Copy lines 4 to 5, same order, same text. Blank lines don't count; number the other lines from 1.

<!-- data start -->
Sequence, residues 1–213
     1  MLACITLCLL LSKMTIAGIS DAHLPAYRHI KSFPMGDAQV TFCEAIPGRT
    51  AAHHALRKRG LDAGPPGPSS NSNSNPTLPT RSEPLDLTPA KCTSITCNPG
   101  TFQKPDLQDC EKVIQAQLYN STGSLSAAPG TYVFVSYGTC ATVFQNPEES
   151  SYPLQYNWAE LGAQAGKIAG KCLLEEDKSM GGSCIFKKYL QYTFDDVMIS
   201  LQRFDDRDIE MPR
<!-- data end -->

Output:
   101  TFQKPDLQDC EKVIQAQLYN STGSLSAAPG TYVFVSYGTC ATVFQNPEES
   151  SYPLQYNWAE LGAQAGKIAG KCLLEEDKSM GGSCIFKKYL QYTFDDVMIS